There is widespread fear and uncertainty around working in a country where stakeholders are alienated from such decisions. Digital rights groups and activists were not included in the debate around these laws, and the use of presidential powers leads to uncertainty as to just how much the government can abuse its powers in such areas. “These laws will increase another layer of self-censorship among journalists — a practice that is already quite rampant in the country,” said Rimal Farrukh, an Islamabad-based journalist covering South Asia. She added:
“One of the basic tenets of journalism equals telling truth to power. If you can’t hold government and state institutions accountable then society is at risk of falling victim to dangerous power imbalances. The new laws insulate government authorities against criticism even more than before, which is quite frankly, alarming.”
Marginalized groups are even more fearful. In a country where they have already faced trolling for their opinions, the new law could make their online presence far more dangerous. “Earlier, political dissent on social media would result in online harassment or trolling of journalists, particularly female journalists, but now your opinion could be criminalized under the garb of defamation,” Haider shared. She feels vulnerable to the potential weaponization of this law, as someone who works specifically on issues around women’s empowerment, social justice, and the legal sector with the intention to amplify marginalized voices.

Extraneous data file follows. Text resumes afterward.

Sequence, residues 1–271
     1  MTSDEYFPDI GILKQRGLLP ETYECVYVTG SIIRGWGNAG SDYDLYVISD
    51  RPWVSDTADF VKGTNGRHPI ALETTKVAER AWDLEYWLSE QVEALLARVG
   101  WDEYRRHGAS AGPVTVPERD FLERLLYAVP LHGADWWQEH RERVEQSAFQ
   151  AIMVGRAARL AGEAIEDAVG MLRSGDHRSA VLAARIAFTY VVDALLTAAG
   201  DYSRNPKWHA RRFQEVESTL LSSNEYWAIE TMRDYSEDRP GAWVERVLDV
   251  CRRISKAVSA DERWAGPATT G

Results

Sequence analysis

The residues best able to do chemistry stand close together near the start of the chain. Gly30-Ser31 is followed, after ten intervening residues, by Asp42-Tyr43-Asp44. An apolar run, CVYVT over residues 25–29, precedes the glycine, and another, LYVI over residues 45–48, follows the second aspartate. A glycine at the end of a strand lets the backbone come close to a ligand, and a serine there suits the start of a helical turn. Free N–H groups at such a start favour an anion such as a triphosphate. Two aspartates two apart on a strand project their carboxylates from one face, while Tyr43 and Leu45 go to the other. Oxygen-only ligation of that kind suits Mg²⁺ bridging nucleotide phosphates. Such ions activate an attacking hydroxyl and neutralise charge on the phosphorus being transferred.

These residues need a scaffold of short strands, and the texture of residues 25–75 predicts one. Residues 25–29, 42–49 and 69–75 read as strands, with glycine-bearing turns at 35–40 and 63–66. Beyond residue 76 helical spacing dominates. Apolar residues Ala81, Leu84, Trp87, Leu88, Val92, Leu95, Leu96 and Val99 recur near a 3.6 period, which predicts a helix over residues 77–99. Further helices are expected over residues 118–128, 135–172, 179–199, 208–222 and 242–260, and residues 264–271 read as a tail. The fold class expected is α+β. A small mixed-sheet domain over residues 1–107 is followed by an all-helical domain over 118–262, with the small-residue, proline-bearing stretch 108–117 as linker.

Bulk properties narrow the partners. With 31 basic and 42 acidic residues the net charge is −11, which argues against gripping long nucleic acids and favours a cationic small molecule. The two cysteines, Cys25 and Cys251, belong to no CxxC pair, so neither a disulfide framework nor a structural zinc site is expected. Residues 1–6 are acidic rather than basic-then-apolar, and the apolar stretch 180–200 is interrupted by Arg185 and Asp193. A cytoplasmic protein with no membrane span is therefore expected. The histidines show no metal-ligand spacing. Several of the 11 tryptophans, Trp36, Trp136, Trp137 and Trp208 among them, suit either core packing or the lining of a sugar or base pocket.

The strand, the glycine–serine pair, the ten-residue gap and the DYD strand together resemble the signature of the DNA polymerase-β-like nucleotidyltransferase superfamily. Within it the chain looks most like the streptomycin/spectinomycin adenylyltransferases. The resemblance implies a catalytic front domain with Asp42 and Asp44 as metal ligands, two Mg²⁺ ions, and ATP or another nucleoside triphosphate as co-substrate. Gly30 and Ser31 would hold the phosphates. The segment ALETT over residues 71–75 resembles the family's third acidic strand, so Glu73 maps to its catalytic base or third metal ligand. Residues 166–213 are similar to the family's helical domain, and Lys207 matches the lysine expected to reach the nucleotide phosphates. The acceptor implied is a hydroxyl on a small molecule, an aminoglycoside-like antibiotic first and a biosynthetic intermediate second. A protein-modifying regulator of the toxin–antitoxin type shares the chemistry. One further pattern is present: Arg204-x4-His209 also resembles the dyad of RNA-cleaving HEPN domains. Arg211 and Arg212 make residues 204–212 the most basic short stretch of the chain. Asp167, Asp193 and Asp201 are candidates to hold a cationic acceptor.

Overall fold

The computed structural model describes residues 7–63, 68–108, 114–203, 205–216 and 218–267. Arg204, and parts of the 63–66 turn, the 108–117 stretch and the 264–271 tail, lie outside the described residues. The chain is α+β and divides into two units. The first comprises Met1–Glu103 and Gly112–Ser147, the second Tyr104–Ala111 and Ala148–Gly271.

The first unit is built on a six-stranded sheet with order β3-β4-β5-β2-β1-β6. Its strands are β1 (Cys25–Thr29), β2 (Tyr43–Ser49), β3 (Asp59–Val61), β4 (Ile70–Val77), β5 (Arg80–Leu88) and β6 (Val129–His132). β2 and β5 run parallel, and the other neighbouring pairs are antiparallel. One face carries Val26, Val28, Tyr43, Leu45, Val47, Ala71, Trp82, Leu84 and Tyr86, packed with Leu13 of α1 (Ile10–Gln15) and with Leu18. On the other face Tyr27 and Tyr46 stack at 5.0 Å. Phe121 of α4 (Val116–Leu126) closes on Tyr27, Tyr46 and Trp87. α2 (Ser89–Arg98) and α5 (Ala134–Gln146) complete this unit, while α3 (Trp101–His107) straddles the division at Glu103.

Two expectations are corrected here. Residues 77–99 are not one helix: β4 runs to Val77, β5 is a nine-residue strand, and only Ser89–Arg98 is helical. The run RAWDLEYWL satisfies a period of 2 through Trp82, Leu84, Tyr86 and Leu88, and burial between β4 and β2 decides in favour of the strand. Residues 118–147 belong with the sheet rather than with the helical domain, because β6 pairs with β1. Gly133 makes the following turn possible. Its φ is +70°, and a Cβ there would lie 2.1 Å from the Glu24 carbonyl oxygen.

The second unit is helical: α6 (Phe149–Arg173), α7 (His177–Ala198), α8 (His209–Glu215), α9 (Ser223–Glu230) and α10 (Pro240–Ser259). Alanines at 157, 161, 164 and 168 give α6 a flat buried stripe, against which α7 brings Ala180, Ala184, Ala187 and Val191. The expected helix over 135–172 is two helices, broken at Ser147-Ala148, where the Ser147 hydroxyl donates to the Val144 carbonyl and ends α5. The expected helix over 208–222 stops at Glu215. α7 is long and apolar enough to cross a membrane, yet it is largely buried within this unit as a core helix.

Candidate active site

DROWNING OUT DIVERSITY
Growing attacks on feminist narratives in media have already shown that these laws will do little more than drown out dissenting voices from Pakistani media spaces as more and more journalists find themselves self-censoring. Haider also pointed out that media organizations will soon find themselves rethinking their own policies:
“Media organizations will not only have to pay a price if they don’t abide by the law and continue with their existing editorial policies (which allow criticism of the government) but you’d have to be careful while expressing political opinions on social media, even if they are posted in a personal capacity and do not necessarily reflect the editorial policies of the organization you work for.”
In all this noise, it will be those from marginalized backgrounds, who already struggle with getting mainstream media representation, that bear the brunt of the consequences. As Jan, whose work with the Haqooq-e-Khalq Movement focuses on uplifting silenced communities, said:
“When you have groups who are not heard by the public, their suffering increases. Their voice becomes inaudible. Social media was one place they could put their views forward. So when you take away that space from within those communities, it creates a lot of anxiety and uncertainty because they will remain invisibilized.”
Yet, Jan also believes a people’s movement is the way to fight back. He argued that educating people on their rights, having them fight for space for their voices and reshifting debates on democracy to include citizenship and fundamental constitutional rights is one of the main ways in which Pakistani citizens can fight back against such draconian measures::
“People have genuine grievances and questions and they have a right to express those. It’s unfortunate that we relate any kind of dissenting voice with a deep plot against Pakistan. We have to accept the diversity of voices in Pakistan and accept people wanting change and if we do that only then can we have a freer media and a stable Pakistan.”
Will the government ever appreciate Pakistan’s diverse voices or keep on curbing media freedoms? The answer is far from clear.
Anmol Irfan is a freelance journalist and founder of Perspective Magazine. Her work focuses on gender justice movements across the globe and looks at the intersectionality of such movements with areas like media, tech, climate, and more.